Mine Access Roads in Northern Canada - Economic Implications of Climate Change
Note: This project used the PIEVC Protocol for various parts of the work, as well as additional surrounding work. An example of how the PIEVC Protocol can be integrated into large projects of wider scope.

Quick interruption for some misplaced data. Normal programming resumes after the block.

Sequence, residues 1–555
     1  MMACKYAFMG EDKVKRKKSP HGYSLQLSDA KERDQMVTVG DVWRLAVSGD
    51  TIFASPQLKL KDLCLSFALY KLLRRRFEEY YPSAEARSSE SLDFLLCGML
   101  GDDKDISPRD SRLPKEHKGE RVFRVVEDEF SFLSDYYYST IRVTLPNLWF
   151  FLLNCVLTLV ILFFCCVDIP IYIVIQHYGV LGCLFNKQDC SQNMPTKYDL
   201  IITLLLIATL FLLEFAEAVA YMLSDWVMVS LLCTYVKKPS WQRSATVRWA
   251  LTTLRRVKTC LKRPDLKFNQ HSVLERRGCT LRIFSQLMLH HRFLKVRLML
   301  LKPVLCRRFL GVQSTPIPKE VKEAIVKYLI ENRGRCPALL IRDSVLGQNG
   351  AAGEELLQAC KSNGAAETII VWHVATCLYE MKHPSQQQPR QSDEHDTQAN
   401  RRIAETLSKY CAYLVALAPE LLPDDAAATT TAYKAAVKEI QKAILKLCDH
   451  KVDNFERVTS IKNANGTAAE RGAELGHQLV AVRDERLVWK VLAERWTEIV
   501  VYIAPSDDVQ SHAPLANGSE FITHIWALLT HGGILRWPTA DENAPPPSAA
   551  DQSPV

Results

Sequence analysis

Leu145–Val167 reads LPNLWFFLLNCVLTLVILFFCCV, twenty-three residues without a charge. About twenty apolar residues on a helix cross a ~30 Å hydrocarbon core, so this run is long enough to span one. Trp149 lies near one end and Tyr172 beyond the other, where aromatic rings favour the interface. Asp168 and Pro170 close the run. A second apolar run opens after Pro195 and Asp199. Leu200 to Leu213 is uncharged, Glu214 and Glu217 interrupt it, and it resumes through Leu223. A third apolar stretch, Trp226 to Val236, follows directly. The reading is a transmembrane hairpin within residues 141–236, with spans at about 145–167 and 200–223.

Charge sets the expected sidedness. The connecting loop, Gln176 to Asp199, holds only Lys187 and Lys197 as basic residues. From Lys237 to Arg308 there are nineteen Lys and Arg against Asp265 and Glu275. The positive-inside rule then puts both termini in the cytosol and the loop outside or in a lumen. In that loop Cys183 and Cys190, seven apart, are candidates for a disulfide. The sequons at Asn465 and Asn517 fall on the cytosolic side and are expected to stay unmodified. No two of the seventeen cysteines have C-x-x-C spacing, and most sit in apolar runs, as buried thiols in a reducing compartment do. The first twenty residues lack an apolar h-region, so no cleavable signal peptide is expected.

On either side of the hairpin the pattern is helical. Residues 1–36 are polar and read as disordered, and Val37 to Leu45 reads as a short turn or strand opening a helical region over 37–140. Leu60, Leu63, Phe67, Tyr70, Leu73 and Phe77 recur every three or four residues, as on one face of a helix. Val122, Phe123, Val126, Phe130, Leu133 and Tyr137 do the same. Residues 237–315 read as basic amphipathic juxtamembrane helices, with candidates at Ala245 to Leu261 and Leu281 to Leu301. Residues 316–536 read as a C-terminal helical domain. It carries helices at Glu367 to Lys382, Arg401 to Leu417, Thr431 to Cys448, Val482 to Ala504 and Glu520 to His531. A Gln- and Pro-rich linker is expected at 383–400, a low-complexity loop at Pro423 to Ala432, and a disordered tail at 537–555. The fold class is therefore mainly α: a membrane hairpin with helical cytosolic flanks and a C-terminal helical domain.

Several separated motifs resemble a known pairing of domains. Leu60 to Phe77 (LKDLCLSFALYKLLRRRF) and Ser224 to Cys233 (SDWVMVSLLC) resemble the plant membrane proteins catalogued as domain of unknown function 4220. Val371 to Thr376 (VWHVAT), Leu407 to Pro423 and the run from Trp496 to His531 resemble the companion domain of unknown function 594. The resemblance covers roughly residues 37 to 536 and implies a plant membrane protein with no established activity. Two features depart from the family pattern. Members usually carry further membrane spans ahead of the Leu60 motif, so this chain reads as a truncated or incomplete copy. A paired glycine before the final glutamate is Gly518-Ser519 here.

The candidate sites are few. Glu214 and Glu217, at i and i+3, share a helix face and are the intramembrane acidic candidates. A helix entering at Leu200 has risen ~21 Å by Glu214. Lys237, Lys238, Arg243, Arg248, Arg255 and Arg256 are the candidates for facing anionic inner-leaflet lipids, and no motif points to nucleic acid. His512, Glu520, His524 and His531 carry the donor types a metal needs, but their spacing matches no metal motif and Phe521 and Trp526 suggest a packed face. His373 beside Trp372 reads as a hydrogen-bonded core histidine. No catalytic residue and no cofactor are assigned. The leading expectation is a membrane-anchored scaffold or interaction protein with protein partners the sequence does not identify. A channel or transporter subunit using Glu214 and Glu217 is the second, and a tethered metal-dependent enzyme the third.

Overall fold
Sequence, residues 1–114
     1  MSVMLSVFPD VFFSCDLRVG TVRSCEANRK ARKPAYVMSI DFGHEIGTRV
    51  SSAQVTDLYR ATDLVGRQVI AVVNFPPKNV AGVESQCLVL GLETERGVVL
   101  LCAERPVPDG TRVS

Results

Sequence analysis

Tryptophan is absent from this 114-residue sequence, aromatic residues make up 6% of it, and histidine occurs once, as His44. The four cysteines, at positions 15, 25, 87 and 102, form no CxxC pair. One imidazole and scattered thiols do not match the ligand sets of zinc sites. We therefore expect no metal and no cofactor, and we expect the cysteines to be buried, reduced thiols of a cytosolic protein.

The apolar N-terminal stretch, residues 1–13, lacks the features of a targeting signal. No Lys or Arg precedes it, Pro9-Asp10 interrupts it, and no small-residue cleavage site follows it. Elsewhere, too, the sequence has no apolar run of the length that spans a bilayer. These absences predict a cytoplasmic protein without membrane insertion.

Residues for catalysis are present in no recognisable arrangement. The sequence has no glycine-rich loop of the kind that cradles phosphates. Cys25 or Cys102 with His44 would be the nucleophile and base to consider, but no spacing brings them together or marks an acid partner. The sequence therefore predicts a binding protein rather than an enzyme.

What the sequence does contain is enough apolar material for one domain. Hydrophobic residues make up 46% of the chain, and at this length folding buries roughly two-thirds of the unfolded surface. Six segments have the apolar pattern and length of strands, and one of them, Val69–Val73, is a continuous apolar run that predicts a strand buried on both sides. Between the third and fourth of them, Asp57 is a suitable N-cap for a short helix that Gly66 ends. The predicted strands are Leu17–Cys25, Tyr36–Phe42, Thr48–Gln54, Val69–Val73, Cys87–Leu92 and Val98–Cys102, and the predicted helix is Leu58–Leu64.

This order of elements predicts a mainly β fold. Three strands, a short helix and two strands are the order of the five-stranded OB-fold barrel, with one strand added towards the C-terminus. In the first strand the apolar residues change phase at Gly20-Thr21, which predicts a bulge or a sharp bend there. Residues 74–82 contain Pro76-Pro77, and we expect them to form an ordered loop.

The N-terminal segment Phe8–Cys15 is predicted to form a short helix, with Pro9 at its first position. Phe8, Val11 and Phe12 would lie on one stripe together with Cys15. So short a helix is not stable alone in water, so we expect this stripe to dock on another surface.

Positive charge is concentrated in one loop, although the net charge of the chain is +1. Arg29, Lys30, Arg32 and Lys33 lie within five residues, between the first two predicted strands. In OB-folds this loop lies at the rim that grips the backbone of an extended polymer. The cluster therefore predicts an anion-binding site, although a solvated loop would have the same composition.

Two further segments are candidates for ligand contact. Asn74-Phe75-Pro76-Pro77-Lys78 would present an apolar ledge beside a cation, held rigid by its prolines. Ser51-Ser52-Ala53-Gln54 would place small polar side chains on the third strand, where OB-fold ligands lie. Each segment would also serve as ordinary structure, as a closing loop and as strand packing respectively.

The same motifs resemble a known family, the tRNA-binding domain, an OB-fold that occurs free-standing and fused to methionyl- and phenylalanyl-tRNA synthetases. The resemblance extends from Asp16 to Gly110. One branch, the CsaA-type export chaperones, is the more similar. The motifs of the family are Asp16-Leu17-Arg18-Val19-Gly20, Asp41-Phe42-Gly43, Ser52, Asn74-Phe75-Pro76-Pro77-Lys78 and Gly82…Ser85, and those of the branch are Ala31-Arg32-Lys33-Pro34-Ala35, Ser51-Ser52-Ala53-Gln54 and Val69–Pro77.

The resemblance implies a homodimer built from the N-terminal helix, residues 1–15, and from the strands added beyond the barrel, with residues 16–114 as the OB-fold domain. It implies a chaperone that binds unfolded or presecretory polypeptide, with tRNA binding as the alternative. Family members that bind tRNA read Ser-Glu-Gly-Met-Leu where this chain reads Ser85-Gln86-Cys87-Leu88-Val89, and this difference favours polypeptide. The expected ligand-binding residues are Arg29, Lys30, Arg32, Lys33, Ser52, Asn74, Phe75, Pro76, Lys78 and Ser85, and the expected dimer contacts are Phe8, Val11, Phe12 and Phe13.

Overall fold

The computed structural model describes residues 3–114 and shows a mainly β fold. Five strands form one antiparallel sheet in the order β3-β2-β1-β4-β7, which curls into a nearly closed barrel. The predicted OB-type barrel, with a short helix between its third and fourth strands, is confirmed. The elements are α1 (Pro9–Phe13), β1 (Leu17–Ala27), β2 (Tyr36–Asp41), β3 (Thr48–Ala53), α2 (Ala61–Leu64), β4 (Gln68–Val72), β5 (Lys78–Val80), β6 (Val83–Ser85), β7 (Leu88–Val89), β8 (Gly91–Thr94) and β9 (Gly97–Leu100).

This study evaluates the climate-related vulnerabilities and related costs and benefits of the Tibbitt to Contwoyto Winter Road (TCWR), a mine access road built mainly over frozen lakes in the northeastern region of the Northwest Territories (NWT). The TCWR is the main access road for three active diamond mines, as well as one that will be active in the next year, and is the busiest heavy-haul ice road in the world. Diamond mining in this region has been a major contributor to the NWT economy. The road is operated by a joint venture between three mining companies, with contracted support for engineering, maintenance and security. Companies transport goods via the winter road to supply year-round operations. When the road season is cut short, supplies must be transported by plane or helicopter, which greatly increases costs. One of the main goods being transported to the mines is diesel to power mine operations.